Common mistake redundant determiner: 'in (an) alphabetical order

Common Mistakes in English Grammar: Redundant Determiners

In the English language, grammar mistakes are quite common, especially when it comes to determiners. One common mistake that often goes unnoticed is the use of redundant determiners. These are unnecessary words that are added to a sentence and do not contribute to its meaning.

Redundant Determiner: 'In (an) Alphabetical Order'

One particular example of a redundant determiner is the phrase 'in (an) alphabetical order'. This mistake commonly occurs when people are listing items or organizing information. For instance:

  • She arranged the books in an alphabetical order.
  • He organized his files in alphabetical order.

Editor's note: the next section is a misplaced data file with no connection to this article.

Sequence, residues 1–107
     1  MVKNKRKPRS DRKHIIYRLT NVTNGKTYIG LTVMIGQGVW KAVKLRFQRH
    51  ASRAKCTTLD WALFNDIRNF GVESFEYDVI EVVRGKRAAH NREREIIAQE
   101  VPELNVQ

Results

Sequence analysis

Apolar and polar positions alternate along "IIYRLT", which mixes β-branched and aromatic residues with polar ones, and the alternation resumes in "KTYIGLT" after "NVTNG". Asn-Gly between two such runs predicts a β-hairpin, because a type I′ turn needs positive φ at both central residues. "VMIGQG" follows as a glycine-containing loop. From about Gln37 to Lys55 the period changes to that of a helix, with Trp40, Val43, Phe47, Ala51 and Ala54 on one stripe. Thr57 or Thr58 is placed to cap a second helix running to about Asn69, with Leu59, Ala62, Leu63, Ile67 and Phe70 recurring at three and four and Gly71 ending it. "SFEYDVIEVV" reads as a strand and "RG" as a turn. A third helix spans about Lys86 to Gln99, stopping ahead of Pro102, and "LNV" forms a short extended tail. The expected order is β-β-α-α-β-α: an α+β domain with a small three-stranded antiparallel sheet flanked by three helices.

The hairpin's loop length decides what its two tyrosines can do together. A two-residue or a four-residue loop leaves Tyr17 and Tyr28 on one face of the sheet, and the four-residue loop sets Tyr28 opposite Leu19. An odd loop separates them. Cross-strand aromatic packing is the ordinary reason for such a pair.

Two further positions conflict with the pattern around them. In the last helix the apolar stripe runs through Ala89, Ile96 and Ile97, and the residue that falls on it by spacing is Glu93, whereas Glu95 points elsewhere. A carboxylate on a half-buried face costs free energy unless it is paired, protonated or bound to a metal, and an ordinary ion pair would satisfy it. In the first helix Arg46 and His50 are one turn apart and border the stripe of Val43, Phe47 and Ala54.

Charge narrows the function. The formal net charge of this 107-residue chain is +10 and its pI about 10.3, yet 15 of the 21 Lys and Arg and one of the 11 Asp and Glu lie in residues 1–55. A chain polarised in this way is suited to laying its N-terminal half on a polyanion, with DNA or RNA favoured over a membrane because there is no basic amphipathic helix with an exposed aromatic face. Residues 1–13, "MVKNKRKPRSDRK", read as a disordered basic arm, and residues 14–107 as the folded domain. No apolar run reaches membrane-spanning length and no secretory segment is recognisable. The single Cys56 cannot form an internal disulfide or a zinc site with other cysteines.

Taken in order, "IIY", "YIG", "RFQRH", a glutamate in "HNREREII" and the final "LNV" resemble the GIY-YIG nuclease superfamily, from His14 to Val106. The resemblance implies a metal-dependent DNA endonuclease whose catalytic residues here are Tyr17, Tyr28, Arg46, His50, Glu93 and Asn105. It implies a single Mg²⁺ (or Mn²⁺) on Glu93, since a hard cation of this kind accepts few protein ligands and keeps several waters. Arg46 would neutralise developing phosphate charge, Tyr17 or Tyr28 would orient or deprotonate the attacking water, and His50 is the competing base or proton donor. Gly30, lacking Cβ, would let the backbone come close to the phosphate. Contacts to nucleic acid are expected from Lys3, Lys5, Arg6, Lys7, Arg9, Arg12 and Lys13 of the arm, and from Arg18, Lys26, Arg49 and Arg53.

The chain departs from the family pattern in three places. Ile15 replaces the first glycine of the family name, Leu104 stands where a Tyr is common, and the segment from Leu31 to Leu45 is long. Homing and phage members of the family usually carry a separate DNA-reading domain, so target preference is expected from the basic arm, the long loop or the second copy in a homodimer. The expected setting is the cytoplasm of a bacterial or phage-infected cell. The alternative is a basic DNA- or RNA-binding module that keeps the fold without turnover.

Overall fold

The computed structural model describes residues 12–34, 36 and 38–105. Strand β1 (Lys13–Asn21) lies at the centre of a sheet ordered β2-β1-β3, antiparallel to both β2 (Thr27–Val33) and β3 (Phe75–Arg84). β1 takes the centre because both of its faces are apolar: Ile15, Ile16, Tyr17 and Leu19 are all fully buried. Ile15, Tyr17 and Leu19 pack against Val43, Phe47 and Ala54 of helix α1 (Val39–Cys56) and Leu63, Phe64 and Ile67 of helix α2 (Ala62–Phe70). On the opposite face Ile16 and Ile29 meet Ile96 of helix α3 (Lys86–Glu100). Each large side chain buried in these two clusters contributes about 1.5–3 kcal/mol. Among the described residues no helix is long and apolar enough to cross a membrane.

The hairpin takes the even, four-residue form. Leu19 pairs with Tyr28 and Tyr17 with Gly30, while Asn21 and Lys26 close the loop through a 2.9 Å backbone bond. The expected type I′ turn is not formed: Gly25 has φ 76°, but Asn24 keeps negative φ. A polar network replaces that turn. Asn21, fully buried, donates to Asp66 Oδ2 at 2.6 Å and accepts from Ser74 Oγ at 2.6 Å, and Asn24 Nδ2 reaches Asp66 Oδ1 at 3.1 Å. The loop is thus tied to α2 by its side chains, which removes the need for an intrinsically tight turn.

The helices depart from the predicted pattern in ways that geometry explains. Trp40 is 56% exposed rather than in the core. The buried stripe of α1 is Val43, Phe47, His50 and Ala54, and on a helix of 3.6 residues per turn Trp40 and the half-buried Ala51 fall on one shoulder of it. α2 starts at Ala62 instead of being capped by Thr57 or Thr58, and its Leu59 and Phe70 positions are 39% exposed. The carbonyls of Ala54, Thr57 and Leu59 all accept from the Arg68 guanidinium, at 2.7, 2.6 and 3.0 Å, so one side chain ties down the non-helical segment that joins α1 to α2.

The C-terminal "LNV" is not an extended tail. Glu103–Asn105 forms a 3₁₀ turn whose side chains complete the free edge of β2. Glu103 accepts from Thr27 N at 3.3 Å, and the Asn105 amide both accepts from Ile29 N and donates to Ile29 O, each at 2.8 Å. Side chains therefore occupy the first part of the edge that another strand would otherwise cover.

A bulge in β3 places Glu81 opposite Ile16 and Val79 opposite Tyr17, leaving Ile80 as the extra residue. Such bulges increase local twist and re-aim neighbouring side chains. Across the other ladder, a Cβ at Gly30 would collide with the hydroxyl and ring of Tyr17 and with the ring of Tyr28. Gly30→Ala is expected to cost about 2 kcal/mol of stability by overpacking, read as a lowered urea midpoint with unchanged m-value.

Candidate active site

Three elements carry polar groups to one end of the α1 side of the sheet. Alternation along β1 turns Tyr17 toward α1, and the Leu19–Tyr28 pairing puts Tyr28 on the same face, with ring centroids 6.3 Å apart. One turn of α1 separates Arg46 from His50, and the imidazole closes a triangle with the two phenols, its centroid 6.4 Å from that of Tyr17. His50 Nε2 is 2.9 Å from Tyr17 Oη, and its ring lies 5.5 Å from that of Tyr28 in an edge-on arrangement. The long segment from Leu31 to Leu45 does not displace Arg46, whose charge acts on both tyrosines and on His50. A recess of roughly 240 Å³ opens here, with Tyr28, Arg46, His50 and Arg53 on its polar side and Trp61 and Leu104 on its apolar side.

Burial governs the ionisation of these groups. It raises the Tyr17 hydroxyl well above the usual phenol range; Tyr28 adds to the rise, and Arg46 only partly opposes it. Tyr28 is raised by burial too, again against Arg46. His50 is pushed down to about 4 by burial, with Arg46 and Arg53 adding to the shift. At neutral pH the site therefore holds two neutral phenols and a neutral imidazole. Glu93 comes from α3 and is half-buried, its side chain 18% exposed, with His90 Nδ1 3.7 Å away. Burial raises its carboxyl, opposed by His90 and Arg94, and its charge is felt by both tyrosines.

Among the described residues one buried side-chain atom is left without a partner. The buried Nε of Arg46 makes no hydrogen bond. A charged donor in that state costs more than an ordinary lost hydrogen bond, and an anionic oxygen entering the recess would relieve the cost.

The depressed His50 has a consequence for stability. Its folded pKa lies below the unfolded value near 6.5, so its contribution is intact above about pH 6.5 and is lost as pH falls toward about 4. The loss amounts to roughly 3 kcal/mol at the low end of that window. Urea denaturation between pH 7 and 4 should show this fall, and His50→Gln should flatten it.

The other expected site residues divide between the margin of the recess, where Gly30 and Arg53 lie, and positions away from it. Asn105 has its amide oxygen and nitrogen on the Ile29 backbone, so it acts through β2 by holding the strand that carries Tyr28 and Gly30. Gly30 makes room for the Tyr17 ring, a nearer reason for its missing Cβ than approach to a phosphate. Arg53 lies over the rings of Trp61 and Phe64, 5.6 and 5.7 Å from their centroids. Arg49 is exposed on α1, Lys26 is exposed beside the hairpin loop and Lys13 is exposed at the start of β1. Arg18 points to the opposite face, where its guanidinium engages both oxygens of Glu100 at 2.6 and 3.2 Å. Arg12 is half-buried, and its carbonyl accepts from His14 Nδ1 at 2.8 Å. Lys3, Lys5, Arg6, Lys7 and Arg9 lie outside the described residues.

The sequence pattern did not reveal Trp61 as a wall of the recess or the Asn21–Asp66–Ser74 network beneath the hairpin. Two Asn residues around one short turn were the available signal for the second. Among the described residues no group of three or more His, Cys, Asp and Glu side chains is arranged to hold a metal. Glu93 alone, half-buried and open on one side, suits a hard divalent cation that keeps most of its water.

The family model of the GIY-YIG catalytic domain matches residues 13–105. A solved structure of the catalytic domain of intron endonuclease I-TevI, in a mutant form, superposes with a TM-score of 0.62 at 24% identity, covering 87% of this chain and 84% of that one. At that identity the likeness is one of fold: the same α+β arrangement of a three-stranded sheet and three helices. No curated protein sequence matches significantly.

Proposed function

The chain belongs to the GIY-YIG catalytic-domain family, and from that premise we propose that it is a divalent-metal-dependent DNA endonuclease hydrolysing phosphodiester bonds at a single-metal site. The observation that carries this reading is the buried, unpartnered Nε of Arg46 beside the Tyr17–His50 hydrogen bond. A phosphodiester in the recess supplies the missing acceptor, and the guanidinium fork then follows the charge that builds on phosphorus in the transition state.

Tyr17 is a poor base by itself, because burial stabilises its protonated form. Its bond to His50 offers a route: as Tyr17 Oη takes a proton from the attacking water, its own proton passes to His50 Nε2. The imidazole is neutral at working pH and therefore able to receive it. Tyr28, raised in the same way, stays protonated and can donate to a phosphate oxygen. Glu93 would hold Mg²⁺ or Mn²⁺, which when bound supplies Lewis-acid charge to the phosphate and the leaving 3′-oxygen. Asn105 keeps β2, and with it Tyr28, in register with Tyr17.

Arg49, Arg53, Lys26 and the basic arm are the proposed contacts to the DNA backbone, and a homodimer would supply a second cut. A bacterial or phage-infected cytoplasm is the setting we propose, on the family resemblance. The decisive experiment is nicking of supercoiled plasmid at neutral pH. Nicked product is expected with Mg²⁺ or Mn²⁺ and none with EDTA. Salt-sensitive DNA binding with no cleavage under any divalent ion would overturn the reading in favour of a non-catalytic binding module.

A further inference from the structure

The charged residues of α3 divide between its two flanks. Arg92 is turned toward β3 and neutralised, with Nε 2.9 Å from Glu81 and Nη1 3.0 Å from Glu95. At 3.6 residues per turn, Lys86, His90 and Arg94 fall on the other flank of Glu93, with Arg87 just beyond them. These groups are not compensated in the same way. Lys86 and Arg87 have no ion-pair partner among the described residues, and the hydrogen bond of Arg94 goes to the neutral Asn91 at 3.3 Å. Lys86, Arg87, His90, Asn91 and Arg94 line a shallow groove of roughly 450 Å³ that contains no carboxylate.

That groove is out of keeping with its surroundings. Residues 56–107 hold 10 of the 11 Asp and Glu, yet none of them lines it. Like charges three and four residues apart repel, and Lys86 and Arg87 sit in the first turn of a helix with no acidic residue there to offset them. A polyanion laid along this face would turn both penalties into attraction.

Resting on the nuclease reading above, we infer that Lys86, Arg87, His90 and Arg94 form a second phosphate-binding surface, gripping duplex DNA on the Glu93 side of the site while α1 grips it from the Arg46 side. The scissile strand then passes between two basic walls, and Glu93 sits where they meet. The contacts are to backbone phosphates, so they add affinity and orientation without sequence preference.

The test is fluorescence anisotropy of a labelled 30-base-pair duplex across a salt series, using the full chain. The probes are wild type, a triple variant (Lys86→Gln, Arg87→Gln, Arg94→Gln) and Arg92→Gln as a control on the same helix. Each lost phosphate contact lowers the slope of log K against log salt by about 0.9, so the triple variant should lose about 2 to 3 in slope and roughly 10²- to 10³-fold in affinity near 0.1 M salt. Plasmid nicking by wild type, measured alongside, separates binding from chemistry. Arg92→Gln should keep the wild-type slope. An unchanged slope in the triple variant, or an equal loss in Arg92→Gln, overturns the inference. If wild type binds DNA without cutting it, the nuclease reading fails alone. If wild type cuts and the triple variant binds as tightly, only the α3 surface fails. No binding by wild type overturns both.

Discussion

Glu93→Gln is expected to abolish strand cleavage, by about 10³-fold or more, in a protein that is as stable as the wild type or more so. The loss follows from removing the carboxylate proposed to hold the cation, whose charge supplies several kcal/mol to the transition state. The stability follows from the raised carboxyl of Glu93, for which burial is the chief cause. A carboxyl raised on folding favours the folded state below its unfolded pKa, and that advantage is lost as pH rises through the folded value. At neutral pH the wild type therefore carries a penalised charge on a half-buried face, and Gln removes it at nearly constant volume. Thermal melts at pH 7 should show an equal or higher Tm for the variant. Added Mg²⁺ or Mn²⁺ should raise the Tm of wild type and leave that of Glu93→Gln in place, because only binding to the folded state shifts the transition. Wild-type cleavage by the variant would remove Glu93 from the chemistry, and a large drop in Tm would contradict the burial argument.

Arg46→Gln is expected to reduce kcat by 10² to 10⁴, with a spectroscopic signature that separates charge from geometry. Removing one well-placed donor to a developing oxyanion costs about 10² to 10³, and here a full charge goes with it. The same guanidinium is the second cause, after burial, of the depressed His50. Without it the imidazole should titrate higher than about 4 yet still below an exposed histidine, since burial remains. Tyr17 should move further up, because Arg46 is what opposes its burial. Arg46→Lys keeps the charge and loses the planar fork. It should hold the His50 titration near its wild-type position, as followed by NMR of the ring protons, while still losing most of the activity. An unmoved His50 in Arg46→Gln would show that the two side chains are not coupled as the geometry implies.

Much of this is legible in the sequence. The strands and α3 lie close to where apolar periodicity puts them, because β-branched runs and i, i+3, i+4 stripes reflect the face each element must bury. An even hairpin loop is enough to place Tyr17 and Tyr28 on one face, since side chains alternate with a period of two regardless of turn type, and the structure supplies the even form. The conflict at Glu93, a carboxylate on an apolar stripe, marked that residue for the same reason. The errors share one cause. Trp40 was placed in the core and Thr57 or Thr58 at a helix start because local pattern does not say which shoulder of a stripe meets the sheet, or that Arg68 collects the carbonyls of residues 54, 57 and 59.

In both of these examples, the determiner 'an' or 'in' is unnecessary. The phrase 'alphabetical order' already implies that things are being arranged in a specific sequence. Therefore, the correct usage should be:

  • She arranged the books in alphabetical order.
  • He organized his files in alphabetical order.

By removing the redundant determiner, the sentences become more concise and grammatically correct.

Using redundant determiners not only adds unnecessary words to your sentences but may also confuse the reader. It is important to ensure that your writing is clear, concise, and free from any grammatical errors. To help catch and correct such mistakes, you can use tools like the Linguix grammar checker, which identifies and suggests corrections for grammar and style issues.

redundant determiner: 'in (an) alphabetical order mistake examples

  • Incorrect:
    List the names in an alphabetical order.

    List the names in alphabetical order.

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